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Past Event

Past Event

Challenges for Europe and Germany: a view from the German Council of Economic Experts

What are the key challenges facing Europe's largest economy, and what will Germany's responses mean for the EU?

Speakers: Zsolt Darvas, Lucrezia Reichlin, Christoph M. Schmidt and Isabel Schnabel Topic: European Macroeconomics & Governance Location: Bruegel, Rue de la Charité 33, 1210 Brussels Date: December 4, 2015
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Opinion

Guntram B. Wolff

The ECB and politics in an era of low interest rates

The ECB is often criticised for its low interest rate policy - especially in Germany, where this is felt to be an attack on savers. However, this argument fails to recognise that real interest rates have been falling since the 1980s.

By: Guntram B. Wolff Topic: European Macroeconomics & Governance Date: November 25, 2015
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Blog Post

Georg Zachmann

The European Energy Union: Slogan or an important step towards integration?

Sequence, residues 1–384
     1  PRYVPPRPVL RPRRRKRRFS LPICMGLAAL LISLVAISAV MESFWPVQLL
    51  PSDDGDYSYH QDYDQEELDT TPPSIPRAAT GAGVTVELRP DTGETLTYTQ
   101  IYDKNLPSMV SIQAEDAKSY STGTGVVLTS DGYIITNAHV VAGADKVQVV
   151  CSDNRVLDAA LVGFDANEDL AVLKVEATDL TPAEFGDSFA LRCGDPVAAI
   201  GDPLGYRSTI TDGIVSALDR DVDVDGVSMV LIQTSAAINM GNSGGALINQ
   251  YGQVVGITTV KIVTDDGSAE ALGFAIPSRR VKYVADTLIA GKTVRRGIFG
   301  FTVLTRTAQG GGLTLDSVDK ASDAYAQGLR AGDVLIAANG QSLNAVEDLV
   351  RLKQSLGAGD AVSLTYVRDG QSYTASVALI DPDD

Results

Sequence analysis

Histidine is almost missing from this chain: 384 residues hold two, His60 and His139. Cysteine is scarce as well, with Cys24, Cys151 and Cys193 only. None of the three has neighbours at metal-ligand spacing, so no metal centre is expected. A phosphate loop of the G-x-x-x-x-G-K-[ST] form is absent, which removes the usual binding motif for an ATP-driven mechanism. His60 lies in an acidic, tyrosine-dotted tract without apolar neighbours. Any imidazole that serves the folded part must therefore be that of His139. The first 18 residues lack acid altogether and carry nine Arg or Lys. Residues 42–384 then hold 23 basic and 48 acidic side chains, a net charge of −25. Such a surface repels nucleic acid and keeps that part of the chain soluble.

The broad definition of an Energy Union may enable the European Commission to facilitate a radical compromise between the member states. Because Germany's energy and climate policy goals can be realised only within the European network, the country ought to play an active role in this process.

By: Georg Zachmann Topic: Energy & Climate Date: September 17, 2015
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Blog Post

Emmanuel Mourlon-Druol

European leaders want the UK to stay, but are best friends forever?

The Conservative Party’s election victory leaves little doubt as to the holding of a referendum on continued British EU membership in 2016 or 2017. While the official content of British demands remains vague at the moment, the reaction of Britain’s partners to the prospect of negotiations is made public every day.

By: Emmanuel Mourlon-Druol Topic: European Macroeconomics & Governance Date: May 26, 2015